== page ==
News & Events

Ousted Caritas chief starts over in Fla.

Application conflicts with Mass. record

By Liz Kowalczyk, Globe Staff

It was front page news four years ago when Dr. Robert Haddad was forced from his job as head of the region’s Catholic health care system, over allegations that he had sexually harassed several female employees. In a five-hour meeting that stretched past 1 a.m., the organization’s board voted to fire Haddad, but left him the choice of resigning.

But that is not what Haddad told the physician licensing agency in Florida, where he has moved to start practicing medicine again.

Haddad, 56, an internist who recently joined a medical group in Fort Myers, applied for a Florida medical license. In his Sept. 24 application letter, Haddad wrote that he “voluntarily resigned’’ as president of Caritas Christi Health Care System in 2006 because of “a controversy directed to my office’’ by several individuals who had “been displaced or asked to leave.’’

“My decision to resign from my administrative role was done knowing I had the unanimous support and formal endorsement of the system board,’’ he wrote.

In an interview in December with the Florida Board of Medicine, Haddad reiterated his assertion that the Caritas Christi board was behind him. They “exonerated me and said there’s nothing here, but be careful,’’ he said, according to a recording provided to the Globe under Florida’s open records law. “A lesson learned. . . . ’

Haddad said, “folks who he had asked to leave made some allegations about hugging and kissing,’’ which he told the board “were frankly, simply warm embraces publicly and what most people did.’’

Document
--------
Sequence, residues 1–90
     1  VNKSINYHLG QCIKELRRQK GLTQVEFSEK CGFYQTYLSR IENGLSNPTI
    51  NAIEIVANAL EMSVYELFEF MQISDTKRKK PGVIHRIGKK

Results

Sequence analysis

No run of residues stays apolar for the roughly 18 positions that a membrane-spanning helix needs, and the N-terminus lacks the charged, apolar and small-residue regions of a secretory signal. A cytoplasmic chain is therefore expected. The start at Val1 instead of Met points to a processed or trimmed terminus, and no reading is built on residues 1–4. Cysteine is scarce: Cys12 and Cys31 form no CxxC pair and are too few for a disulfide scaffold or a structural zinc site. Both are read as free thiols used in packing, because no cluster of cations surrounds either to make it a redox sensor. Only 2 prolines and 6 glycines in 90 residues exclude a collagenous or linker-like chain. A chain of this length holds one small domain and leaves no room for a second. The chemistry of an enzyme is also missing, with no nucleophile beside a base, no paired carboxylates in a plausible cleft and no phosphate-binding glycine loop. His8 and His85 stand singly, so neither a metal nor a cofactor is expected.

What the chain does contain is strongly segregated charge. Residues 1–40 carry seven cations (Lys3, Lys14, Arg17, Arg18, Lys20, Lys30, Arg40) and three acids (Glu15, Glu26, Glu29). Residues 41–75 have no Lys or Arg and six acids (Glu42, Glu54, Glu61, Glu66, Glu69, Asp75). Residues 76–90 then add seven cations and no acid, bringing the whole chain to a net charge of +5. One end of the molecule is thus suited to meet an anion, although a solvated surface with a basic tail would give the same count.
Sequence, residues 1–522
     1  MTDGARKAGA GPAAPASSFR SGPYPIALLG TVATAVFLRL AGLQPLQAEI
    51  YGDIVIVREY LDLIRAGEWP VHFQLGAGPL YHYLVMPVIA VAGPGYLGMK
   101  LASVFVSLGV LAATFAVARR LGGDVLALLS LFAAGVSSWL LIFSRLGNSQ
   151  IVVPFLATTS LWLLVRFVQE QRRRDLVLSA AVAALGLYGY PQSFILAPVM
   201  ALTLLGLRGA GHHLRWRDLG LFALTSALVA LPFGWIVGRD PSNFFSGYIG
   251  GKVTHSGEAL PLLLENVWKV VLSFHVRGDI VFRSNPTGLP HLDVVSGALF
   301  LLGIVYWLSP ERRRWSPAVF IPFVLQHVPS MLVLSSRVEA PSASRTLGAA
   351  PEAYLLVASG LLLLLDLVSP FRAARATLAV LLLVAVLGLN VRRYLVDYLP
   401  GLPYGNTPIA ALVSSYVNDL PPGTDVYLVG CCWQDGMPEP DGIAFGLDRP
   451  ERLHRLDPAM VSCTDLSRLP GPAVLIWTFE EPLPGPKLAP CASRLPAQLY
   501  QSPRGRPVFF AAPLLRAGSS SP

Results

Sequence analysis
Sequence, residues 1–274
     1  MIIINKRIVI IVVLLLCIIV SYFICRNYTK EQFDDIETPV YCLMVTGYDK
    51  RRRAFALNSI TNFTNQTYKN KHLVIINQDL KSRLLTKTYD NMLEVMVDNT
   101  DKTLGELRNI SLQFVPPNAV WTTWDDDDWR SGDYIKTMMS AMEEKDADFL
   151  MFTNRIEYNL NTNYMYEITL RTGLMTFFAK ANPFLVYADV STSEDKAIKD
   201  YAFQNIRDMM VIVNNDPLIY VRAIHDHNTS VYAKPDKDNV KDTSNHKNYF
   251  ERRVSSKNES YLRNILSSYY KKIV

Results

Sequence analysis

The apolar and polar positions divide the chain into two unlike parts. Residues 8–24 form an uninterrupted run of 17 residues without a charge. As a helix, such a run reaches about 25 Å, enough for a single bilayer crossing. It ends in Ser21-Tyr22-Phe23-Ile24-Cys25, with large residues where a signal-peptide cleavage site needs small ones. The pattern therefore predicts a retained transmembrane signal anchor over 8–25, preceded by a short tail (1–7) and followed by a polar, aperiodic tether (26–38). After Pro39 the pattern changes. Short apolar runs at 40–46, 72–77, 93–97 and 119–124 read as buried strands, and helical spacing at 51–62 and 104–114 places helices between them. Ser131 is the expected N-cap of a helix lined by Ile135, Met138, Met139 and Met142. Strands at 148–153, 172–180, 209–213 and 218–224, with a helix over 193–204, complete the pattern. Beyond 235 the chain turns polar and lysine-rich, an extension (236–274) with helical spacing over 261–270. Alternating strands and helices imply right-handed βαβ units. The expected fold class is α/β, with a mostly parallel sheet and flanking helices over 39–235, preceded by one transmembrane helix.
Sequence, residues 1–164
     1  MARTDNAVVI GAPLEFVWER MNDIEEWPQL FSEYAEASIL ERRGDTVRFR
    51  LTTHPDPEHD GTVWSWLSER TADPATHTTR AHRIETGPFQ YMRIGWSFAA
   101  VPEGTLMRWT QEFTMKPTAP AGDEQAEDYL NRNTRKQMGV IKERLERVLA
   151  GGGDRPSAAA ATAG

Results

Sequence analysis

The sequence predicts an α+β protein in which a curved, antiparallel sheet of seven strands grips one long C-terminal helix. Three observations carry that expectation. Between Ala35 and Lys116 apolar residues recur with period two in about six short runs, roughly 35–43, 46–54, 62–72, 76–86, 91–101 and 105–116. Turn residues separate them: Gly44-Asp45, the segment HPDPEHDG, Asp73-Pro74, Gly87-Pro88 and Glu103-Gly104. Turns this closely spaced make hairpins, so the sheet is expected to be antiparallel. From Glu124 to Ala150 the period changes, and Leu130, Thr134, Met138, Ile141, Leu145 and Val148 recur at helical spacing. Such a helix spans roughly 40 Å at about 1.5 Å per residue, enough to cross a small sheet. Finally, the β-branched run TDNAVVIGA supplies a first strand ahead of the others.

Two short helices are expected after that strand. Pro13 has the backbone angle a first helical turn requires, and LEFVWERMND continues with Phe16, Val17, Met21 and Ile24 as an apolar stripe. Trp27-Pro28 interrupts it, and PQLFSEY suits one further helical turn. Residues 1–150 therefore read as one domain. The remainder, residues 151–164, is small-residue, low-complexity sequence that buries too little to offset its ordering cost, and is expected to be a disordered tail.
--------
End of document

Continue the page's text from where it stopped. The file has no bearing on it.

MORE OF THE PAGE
He said that because of media coverage, he decided to spare his family and resign.

Haddad’s explanation of the how and why he left Caritas Christi does not jibe with official statements at the time from the church and hospital.

In a May 25, 2006, statement, the Archdiocese of Boston, which then owned the hospital system, said that “the Board of Governors of Caritas Christi Health Care System voted to recommend to the Corporate Members of Caritas Christi that Dr. Robert Haddad’s employment be terminated’’ because of an “unfortunate and serious’’ series of events. At the time, the corporation was a five-member panel headed by Archbishop Seán P. O’Malley that chose the board of governors and chief executive.

The statement went on to say the board voted to give Haddad a severance package of 10 months’ salary and benefits if he resigned. “Dr. Haddad has agreed to resign,’’ the statement said.

Haddad did not return e-mails and phone calls seeking an explanation for his comments to the Florida board. In Massachusetts, medical license applications are confidential, but they are public records in Florida.

Caritas officials and the archdiocese would not comment on what Haddad told the Florida board. But Terrence Donilon, spokesman for the Boston Archdiocese, said it stood by the original statement. It “is clear and speaks for itself,’’ Donilon said. Leaders of Caritas’s 2006 board could not be reached.